In general, it's easier to improve carrier mobility in n-type transistors; the MTL researchers' new device demonstrates that p-type transistors should be able to keep up.

Handling the strain
Judy Hoyt, a professor of electrical engineering and computer science; her graduate students Winston Chern, lead author on the new paper, and James T. Teherani; Pouya Hashemi, who was an MIT postdoc at the time and is now with IBM; Dimitri Antoniadis, the Ray and Maria Stata Professor of Electrical Engineering; and colleagues at MIT and the University of British Columbia achieved their record-setting hole mobility by "straining" the germanium in their transistor - forcing its atoms closer together than they'd ordinarily find comfortable.

To do that, they grew the germanium on top of several different layers of silicon and a silicon-germanium composite. The germanium atoms naturally try to line up with the atoms of the layers beneath them, which compresses them together.

"It's kind of a unique set of material structures that we had to do, and that was actually fabricated here, in the MTL," Hoyt says. "That's what enables us to explore these materials at the limits. You can't buy them at this point."

"These high-strain layers want to break," Teherani adds. "We're particularly successful at growing these high-strain layers and keeping them strained without defects."

Indeed, Hoyt is one of the pioneers of strained-silicon transistors, a technology found today in almost all commercial computer chips. At last year's IEDM, she and Eugene Fitzgerald, the Flemings-SMA Professor of Materials Science and Engineering at MIT, received the IEEE's Andrew S. Grove Award for outstanding contributions to solid-state devices and technology. The award announcement cited Hoyt's "groundbreaking contributions involving strained-silicon semiconductor materials."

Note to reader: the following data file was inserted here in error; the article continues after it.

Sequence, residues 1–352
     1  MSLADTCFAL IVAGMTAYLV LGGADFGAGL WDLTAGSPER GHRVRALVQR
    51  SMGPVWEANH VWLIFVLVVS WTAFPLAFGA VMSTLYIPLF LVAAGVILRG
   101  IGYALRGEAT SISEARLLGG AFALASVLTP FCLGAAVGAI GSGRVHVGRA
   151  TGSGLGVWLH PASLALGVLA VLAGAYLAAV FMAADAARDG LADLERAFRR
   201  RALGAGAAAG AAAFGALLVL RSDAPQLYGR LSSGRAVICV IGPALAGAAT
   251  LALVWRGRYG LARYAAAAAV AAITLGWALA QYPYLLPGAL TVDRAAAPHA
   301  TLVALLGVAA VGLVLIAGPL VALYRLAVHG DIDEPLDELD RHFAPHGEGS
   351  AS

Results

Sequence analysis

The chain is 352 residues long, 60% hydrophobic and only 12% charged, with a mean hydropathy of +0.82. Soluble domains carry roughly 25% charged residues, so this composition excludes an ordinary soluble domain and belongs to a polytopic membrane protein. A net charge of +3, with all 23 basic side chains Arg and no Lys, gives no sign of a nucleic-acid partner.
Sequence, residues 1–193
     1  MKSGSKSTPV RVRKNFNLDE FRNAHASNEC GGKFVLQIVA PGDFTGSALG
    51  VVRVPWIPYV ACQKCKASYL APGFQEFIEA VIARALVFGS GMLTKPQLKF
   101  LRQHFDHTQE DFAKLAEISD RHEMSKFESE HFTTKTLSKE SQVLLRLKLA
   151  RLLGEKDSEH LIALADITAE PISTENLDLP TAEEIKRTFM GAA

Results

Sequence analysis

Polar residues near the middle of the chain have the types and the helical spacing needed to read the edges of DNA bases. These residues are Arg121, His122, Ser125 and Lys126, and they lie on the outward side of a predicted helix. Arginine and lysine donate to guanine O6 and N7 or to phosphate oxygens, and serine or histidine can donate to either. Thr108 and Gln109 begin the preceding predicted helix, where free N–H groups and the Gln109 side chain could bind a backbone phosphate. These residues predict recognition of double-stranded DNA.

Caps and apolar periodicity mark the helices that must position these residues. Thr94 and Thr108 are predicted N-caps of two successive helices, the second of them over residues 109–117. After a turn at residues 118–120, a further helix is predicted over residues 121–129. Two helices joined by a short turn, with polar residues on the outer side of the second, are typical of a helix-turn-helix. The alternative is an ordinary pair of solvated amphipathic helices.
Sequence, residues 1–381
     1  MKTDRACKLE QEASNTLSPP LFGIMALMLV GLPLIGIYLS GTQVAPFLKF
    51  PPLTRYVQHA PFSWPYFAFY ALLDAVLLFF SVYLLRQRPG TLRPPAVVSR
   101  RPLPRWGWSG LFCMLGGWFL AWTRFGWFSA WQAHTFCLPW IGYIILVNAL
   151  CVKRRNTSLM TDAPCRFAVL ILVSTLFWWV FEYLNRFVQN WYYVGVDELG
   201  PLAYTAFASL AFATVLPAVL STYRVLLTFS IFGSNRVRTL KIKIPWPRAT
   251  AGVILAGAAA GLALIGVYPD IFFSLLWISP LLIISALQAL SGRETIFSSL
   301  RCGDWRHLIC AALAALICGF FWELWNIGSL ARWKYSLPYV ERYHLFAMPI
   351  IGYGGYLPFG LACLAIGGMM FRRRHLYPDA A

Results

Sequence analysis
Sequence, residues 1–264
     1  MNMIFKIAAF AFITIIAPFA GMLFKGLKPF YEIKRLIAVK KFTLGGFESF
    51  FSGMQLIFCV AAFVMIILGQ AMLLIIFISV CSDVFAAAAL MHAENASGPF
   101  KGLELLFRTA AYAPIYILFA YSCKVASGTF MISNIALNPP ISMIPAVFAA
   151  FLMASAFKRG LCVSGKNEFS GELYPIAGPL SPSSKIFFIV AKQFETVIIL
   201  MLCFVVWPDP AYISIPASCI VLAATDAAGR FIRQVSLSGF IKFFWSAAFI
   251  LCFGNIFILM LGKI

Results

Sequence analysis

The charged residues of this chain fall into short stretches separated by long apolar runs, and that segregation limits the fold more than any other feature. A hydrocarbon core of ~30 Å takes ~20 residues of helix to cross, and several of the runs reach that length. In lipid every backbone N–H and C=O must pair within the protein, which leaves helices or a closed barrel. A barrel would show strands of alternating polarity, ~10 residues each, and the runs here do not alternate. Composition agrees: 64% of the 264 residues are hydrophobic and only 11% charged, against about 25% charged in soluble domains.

Gatekeeping
Another crucial aspect of the new transistor is its trigate design. If a transistor is a switch, throwing the switch means applying a charge to the transistor's "gate." In a conventional transistor, the gate sits on top of the "channel," through which the charge carriers flow.

As transistors have grown smaller, their gates have shrunk, too. But at smaller sizes, that type of lockstep miniaturization won't work: Gates will become too small to reliably switch transistors off.

In the trigate design, the channels rise above the surface of the chip, like boxcars sitting in a train yard. To increase its surface area, the gate is wrapped around the channel's three exposed sides - hence the term "trigate."

By demonstrating that they can achieve high hole mobility in trigate transistors, Hoyt and her team have also shown that their approach will remain useful in the chips of the future.

The MIT researchers' work was supported by the U.S. Defense Advanced Research Projects Agency and the Semiconductor Research Corporation.

.


Related Links
Massachusetts Institute of Technology
Computer Chip Architecture, Technology and Manufacture
Nano Technology News From SpaceMart.com






Comment on this article via your Facebook, Yahoo, AOL, Hotmail login.